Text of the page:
Military Portrait of Albert Cashier

Military Portrait of Albert Cashier
Albert Cashier, born Jennie Irene Hodgers, enlisted in the Union Army in 1862. Historians have found evidence that hundreds of soldiers, including Cashier, were born female and enlisted as men during the Civil War. This portrait was taken during the course of his service. Unlike many women who cross-dressed in order to fight, Cashier continued to live as a man even after the war had ended. In 1914, when it was discovered that Cashier had been assigned female at birth, an investigation was launched to determine whether he was entitled to a veteran’s pension. Several of his former associates testified to the Pension Bureau and confirmed his identity and his service, and he was allowed to continue receiving his pension until his death. From: Social History for Every Classroom

Colleagues Testify in Support of Albert Cashier
Albert Cashier, born Jennie Irene Hodgers, enlisted in the Union Army in 1862. Historians have found evidence that hundreds of soldiers, including Cashier, were born female and enlisted as men during the Civil War. Unlike many women who cross-dressed in order to fight, Cashier continued to live as a man even after the war had ended. In 1914, when it was discovered that Cashier had been assigned female at birth, an investigation was launched to determine whether he was entitled to a veteran’s pension. Several of his former associates testified to the Pension Bureau and confirmed his identity and his service, and he was allowed to continue receiving his pension until his death. This document contains testimony from his deposition.  From: Social History for Every Classroom

An Immigrant Tells His Story in 1882
The reasons immigrants had for leaving their homelands and coming to America were as diverse as the backgrounds of the immigrants themselves. Although most immigrants came to the United States for economic reasons some sought a new home because of persecution based on their politics, religious beliefs, or their sexual orientation. In this 1882 letter sent to medical writer and sexologist Dr. Richard von Krafft-Ebing, a thirty-eight-year-old German-born merchant explained how a homosexual arrest in his homeland forced him to emigrate to the United States. From: History Matters: The U.S. Survey Course on the Web


Early Twentieth Century 

“Masculine Women, Feminine Men,” Sheet Music Cover, 1926, via Queer Music Heritage

Murray Hall of Tammany Hall
Most people have a clear stereotype of the urban political boss of the early 20th century, and in many ways Murray Hall, a leader of New York City’s notorious “Tammany Hall,” was its embodiment. Hall was known as a poker-playing, cigar-chomping, whiskey-drinking, “man about town.” But in one significant way, Hall departed from the stereotype: she was actually a woman (by the name of Mary Anderson) who “passed” as a man for more than a quarter century. These 1901 newspaper articles shared the news of her deception after her death and give a sense of how the public interpreted such acts of “passing.” From: History Matters: The U.S. Survey Course on the Web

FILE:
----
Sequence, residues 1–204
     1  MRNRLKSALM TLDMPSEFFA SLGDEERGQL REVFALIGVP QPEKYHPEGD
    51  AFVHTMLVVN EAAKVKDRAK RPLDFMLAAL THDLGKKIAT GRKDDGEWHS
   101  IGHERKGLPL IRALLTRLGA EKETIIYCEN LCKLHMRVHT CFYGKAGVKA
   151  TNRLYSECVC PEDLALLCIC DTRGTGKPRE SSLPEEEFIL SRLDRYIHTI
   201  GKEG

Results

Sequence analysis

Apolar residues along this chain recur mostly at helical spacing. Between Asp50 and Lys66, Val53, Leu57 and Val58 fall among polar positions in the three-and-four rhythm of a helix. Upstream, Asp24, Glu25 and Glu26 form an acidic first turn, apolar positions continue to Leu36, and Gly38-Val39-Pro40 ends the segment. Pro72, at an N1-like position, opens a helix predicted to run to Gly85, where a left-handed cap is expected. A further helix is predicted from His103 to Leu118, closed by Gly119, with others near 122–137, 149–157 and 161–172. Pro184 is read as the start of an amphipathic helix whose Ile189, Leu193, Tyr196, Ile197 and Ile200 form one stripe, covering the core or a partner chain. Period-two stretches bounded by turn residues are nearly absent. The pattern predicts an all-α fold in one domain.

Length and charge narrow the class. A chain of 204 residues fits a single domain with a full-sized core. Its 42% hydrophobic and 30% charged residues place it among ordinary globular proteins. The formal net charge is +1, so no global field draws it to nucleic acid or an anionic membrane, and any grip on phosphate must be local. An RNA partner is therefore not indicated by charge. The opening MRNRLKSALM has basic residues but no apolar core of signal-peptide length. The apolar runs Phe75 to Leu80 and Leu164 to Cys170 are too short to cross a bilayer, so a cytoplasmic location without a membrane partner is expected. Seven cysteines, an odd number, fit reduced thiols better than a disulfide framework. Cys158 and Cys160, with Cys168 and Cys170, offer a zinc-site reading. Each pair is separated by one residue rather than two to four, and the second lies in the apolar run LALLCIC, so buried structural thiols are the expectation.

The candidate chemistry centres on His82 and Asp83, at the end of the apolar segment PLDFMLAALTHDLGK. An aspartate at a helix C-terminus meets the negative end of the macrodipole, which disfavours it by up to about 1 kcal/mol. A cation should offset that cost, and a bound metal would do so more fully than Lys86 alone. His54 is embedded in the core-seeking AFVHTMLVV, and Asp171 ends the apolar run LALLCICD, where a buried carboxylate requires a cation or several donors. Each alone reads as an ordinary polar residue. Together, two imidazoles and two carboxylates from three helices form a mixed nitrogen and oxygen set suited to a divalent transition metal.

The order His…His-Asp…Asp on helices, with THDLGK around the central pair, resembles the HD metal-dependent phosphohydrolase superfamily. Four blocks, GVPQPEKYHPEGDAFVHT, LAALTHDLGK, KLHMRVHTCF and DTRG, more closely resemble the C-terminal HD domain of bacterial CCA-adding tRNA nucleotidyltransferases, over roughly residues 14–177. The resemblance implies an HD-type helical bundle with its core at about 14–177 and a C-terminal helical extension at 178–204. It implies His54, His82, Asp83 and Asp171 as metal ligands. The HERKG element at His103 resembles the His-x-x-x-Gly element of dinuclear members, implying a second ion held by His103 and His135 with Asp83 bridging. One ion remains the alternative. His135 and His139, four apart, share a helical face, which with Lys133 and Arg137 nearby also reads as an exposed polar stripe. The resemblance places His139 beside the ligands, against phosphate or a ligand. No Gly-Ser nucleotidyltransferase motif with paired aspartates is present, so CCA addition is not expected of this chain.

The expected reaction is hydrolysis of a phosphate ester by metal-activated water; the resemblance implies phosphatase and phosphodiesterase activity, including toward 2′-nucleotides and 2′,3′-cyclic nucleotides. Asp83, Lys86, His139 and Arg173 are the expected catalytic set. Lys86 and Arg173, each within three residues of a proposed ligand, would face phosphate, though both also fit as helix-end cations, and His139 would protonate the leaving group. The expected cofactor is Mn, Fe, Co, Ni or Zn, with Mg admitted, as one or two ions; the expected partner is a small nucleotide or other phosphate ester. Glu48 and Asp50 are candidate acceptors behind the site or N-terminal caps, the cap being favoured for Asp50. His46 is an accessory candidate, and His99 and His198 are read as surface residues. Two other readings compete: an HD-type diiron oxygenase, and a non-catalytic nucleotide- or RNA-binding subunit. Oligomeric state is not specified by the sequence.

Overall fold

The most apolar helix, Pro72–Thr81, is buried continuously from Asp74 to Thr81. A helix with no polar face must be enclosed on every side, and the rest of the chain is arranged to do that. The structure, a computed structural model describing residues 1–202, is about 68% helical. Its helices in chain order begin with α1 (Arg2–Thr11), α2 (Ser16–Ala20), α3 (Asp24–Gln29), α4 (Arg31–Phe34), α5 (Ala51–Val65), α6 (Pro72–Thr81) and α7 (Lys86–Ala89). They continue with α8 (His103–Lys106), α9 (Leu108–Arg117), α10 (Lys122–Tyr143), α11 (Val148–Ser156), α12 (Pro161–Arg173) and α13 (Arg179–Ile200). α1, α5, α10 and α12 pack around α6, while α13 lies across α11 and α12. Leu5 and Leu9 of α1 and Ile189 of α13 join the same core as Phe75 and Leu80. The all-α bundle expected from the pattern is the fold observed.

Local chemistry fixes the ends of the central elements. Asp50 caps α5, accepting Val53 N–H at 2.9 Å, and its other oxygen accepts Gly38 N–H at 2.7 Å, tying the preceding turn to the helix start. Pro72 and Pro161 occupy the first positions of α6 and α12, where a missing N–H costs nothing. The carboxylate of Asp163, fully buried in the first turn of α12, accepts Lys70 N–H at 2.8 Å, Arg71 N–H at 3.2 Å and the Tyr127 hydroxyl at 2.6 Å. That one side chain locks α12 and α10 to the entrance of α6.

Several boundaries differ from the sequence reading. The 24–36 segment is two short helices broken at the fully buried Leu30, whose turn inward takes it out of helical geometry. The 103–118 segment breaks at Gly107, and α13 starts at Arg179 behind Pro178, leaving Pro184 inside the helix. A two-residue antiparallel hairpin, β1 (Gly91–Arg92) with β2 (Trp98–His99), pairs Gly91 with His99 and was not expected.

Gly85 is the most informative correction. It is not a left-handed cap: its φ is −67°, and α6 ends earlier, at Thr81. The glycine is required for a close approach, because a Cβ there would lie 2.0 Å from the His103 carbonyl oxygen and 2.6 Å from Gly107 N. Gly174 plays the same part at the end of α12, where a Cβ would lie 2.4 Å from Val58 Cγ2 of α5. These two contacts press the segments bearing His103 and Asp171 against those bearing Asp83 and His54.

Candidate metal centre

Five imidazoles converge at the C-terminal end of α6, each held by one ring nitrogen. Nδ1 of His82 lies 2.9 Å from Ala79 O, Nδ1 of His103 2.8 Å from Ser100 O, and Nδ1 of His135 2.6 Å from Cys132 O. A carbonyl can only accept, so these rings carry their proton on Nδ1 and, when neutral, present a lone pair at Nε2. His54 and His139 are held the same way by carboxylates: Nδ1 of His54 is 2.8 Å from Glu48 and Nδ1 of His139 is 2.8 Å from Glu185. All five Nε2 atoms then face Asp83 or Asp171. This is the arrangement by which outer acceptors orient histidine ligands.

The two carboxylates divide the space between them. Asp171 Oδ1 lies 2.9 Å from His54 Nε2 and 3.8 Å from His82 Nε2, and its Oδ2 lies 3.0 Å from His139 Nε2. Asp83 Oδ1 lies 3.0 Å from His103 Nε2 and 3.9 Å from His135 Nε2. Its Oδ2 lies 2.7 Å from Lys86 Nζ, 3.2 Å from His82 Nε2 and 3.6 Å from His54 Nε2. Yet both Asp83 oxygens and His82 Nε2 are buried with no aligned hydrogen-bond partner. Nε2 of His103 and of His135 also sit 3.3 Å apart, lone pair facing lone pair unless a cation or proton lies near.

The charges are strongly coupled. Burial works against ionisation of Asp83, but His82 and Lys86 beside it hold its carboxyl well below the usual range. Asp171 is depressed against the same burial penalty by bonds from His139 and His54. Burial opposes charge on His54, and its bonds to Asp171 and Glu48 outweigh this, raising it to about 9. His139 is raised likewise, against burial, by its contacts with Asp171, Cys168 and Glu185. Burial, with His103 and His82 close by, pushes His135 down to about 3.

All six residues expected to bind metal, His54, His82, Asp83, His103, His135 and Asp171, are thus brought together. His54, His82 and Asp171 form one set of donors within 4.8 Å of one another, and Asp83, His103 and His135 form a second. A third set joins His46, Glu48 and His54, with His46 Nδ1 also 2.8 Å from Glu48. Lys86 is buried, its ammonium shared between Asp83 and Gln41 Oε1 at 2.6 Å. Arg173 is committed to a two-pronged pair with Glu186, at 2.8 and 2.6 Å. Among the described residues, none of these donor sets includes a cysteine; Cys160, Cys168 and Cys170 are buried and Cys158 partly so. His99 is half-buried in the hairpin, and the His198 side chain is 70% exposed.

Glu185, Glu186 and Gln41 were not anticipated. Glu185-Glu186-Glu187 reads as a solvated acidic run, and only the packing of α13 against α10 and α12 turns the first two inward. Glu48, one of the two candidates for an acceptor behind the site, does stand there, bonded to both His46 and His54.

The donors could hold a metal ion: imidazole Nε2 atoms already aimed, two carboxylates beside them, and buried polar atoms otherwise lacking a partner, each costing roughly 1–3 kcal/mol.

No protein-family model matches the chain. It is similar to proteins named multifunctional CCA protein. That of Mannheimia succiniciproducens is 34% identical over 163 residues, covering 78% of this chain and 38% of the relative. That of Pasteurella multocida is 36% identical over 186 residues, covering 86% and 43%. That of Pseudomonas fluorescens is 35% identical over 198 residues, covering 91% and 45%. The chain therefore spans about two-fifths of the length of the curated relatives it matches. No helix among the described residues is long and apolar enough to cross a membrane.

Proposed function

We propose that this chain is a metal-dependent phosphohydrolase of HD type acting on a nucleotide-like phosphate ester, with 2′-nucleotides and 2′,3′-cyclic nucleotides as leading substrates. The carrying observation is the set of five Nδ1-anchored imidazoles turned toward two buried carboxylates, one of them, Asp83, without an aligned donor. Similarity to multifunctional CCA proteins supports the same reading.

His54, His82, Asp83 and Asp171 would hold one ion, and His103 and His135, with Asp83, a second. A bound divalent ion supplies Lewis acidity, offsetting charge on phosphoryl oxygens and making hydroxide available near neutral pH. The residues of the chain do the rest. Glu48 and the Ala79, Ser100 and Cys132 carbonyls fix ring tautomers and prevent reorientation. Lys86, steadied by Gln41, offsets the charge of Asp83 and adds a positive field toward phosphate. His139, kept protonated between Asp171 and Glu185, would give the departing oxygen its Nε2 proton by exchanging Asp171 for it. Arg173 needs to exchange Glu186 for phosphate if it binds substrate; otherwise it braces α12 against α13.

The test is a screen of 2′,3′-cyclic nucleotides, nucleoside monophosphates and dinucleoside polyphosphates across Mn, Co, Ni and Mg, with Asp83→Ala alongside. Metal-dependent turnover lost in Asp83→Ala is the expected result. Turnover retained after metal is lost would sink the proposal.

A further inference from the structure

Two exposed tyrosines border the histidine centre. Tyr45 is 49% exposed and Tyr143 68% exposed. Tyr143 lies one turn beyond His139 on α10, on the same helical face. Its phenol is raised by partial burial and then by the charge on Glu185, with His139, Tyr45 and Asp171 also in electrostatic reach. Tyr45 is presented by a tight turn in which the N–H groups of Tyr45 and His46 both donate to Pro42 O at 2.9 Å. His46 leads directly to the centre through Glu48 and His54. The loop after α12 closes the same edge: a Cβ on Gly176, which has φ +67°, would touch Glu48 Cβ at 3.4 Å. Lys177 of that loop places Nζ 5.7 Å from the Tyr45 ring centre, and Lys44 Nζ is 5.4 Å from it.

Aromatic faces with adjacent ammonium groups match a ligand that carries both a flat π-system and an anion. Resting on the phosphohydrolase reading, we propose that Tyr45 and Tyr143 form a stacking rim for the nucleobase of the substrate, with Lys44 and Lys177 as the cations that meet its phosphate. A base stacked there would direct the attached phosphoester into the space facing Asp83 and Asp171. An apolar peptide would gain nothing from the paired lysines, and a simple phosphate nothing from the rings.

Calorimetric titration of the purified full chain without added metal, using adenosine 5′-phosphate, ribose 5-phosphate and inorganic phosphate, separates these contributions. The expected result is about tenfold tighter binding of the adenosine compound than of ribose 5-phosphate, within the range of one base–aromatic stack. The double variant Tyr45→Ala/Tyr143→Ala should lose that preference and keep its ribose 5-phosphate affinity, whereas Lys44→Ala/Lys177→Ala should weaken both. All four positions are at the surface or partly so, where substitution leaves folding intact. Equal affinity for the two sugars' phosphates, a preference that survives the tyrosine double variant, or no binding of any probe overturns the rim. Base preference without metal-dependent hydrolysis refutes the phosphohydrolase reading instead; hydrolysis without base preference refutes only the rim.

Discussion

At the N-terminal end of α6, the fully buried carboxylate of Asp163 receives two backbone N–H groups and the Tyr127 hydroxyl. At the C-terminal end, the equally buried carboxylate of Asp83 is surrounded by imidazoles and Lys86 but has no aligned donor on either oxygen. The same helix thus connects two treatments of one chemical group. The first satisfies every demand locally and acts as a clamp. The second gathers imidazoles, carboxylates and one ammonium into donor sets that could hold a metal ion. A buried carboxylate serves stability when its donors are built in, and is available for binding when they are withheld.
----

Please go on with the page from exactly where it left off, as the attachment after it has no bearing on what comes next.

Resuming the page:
Chicago Vice Crusaders Confront Sexual “Perversion” in the Theater
From the Civil War through the 1920s, there were numerous clubs, saloons, and dance halls in American cities known for transvestism (men or women dressing as the opposite sex), for male prostitution, or as places that catered to a “gay crowd”—meaning men and women interested in a less conventional evening’s entertainment. At the same time,  psychologists, physicians, and social reformers who were trying to establish “norms” for human behavior increasingly treated such gathering places as a danger. This 1911 report from a Chicago vice commission on “The Social Evil in Chicago” combined disapproval, fascination, and paranoia, suggesting that “sex perverts” were a small minority but that their “secret language” pervaded ordinary entertainment. From: History Matters: The U.S. Survey Course on the Web 

A Psychiatrist Warns Against Allowing LGBTQ+ People to Serve
In 1917, the U.S. military implemented the Articles of War, which detailed the rules and regulations of the military. Article 93 associated homosexuality with serious crimes such as manslaughter and burglary. The military’s decision to bar LGBTQ+ service members was supported by testimony from a growing group of psychologists who viewed LGBTQ+ people as having an impairment or disorder that made them unfit to serve in the military. This document, written by Dr. Albert Abrams, was published in a medical journal in order to argue for the exclusion of LGBTQ+ service members. From: Social History for Every Classroom

Lament for “The Lost Pardner”